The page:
10th October 2018 – At Nantwich Football Club
Calcium has a key role in maintaining healthy, fertile soils and the production of high-quality crops and forages. Yet it is estimated that 60% of UK soils are below optimal levels of pH and calcium, and the importance of this key nutrient is often overlooked. To help put calcium under the spotlight, granulated lime manufacturer, Calcifert, hosted the UK’s first Calcium Conference back in October. The event attracted an audience of more than 100 agronomists, arable producers, soil specialists and livestock farmers; highlighting the wide range of applications that calcium has within the agricultural sector. Whilst the day’s seven speakers tackled a diverse range of subjects – from the practicalities of measuring calcium levels in soil, to interpreting calcium test results – what was clear from all of the presentations is just how important-a-role calcium has on plant growth and soil biology, and that this should be of significant interest to arable farmers.
Ian Robertson urges detailed approach to soil testing
Agronomist and managing director of Sustainable Soil Management, Ian Robertson, highlighted the need for detailed soil testing before decisions on nutrient inputs are made. Ian’s presentation looked closely at both the importance of calcium to plant health and cell wall development, but also calcium uptake and how much of this vital element needs to be supplied to a plant. Ian advocates carrying out more than a simple pH,P,K and Mg soil test, as focusing on these elements alone may not be enough to improve soil conditions. The four major cations (Ca,Mg,K,Na) should always be included as part of a test.
Calcium is a major component of any soil test, but a simple PPM result is not enough to inform a nutrient program. A soils Cation Exchange Capacity (CEC) should also be determined to help balance the cations in a soil in order to achieve the optimum soil pH and soil structure. An understanding of both available and total calcium in the soil, which can be matched to crop demand, will improve production and health. As well as reminding the audience that pH is not the measure of calcium and consideration of other cations was vital, Ian also emphasised the importance of CEC and its relation to soil calcium results. Ian’s overarching message when it comes to calcium recommendations is a straightforward one – a simple calcium analysis will not provide you with all the information needed to make an informed decision when formulating a soil nutrient program.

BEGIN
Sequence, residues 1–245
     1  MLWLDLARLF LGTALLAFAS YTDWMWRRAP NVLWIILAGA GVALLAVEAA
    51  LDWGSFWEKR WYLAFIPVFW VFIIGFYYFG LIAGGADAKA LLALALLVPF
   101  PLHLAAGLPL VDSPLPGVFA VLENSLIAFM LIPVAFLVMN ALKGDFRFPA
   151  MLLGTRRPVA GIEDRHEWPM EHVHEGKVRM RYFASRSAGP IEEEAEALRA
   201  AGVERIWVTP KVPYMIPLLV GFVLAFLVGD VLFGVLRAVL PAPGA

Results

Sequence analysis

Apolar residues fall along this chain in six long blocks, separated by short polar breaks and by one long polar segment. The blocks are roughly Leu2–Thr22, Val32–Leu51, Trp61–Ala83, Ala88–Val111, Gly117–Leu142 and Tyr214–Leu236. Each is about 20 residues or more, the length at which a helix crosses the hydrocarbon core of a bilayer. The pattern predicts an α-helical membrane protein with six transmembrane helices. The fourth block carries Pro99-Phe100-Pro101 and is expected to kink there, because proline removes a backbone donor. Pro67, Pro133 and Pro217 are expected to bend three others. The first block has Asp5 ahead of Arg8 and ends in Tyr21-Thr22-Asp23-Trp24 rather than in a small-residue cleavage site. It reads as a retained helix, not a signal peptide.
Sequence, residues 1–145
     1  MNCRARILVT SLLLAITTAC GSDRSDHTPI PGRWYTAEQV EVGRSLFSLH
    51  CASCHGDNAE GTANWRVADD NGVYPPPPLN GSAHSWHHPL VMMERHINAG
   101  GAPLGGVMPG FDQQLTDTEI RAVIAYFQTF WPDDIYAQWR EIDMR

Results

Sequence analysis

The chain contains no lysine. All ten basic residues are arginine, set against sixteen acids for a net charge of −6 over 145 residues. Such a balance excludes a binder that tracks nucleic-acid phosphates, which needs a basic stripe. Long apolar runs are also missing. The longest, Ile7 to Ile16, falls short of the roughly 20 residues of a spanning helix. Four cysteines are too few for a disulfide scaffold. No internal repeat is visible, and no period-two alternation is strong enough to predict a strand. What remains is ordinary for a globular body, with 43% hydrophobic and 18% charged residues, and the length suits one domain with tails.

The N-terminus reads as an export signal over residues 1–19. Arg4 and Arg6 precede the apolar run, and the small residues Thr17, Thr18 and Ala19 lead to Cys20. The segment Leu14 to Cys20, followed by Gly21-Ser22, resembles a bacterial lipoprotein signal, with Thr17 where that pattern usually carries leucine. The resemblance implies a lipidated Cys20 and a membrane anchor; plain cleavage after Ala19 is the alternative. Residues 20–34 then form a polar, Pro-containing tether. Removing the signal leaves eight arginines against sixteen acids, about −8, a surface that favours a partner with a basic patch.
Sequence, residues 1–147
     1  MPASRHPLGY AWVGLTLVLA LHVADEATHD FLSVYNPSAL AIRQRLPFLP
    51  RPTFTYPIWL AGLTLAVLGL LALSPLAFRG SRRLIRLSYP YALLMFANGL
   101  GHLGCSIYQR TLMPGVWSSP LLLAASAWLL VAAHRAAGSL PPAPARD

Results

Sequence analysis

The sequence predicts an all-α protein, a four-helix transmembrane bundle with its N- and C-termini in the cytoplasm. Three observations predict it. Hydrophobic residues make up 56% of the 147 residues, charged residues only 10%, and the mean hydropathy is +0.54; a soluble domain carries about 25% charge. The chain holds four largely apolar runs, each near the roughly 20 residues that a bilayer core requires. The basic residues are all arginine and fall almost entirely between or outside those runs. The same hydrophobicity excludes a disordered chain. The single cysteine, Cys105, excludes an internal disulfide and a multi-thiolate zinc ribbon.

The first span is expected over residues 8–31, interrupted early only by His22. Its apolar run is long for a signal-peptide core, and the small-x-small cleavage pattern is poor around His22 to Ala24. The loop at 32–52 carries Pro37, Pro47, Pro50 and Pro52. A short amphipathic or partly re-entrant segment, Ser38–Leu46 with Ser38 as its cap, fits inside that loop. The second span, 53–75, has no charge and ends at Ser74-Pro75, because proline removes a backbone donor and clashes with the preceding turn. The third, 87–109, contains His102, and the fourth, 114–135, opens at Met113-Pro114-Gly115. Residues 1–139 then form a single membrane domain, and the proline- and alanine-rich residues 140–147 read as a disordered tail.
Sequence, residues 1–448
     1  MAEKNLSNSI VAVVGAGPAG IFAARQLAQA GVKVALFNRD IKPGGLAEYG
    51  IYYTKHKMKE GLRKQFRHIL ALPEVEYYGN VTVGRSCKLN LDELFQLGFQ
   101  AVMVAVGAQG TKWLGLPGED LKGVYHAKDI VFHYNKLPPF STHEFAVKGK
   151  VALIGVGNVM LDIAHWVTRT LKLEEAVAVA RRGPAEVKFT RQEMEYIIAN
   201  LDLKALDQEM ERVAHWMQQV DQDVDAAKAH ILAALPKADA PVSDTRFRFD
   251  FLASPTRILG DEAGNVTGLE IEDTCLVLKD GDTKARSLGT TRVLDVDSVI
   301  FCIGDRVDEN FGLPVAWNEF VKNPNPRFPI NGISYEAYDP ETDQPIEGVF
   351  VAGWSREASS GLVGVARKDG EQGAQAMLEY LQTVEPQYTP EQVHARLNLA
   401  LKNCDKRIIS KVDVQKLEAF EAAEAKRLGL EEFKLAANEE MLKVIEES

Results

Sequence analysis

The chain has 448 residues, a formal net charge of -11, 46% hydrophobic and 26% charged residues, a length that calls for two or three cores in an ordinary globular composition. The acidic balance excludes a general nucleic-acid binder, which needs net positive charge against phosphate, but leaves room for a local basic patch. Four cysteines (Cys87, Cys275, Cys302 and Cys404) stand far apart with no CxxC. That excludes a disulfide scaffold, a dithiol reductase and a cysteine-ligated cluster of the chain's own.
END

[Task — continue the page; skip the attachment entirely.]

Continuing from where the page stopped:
Calcium in a zerotill system
As part of the afternoon session, Clive Bailye, managing partner at TWB Farms, shared the importance of calcium within his zerotill farming system. Clive has used a zerotill system for 10 harvests, judging it to bring both financial and environmental sustainability to his business. According to Clive the only way to achieve healthy crops is through healthy soil, and the factors he believes make the difference between success and failure are soil nutrition, rotation and attitude – not soil type or machinery. Recognising calcium’s key role to soil nutrition, Clive pays attention to understanding what calcium requirement his soil needs and uses pH zone testing to compensate for the highly variable pH in his soils.
High quality ground Derbyshire limestone is used for bulk calcium applications ahead of spring cropping. Where a maintenance dressing is required to keep pH at the required level, Clive applies 100kgs per hectare of Calcifert Lime in spring, running machinery along existing 36m tramlines. In his presentation Clive highlighted an issue with acidic phytotoxins, which had been identified in wet anaerobic conditions. To help prevent seedling damage, Calcifert Lime is also applied at drilling with the help of a modification to the drill.
Clive’s key message for all growers was to use calcium to flocculate the soil; restoring its natural aerobic environment and enabling the soil biology to thrive with the aid of the available calcium. Summarising the messages from speakers at the conference, agronomist and conference chair, Mark Tripney, encouraged farmers to challenge the norm when it comes to soil testing, and in particular calcium testing. He concluded that only by carrying out detailed analysis can you really strive to achieve a better balance of nutrients and ensure you get the most from your soil.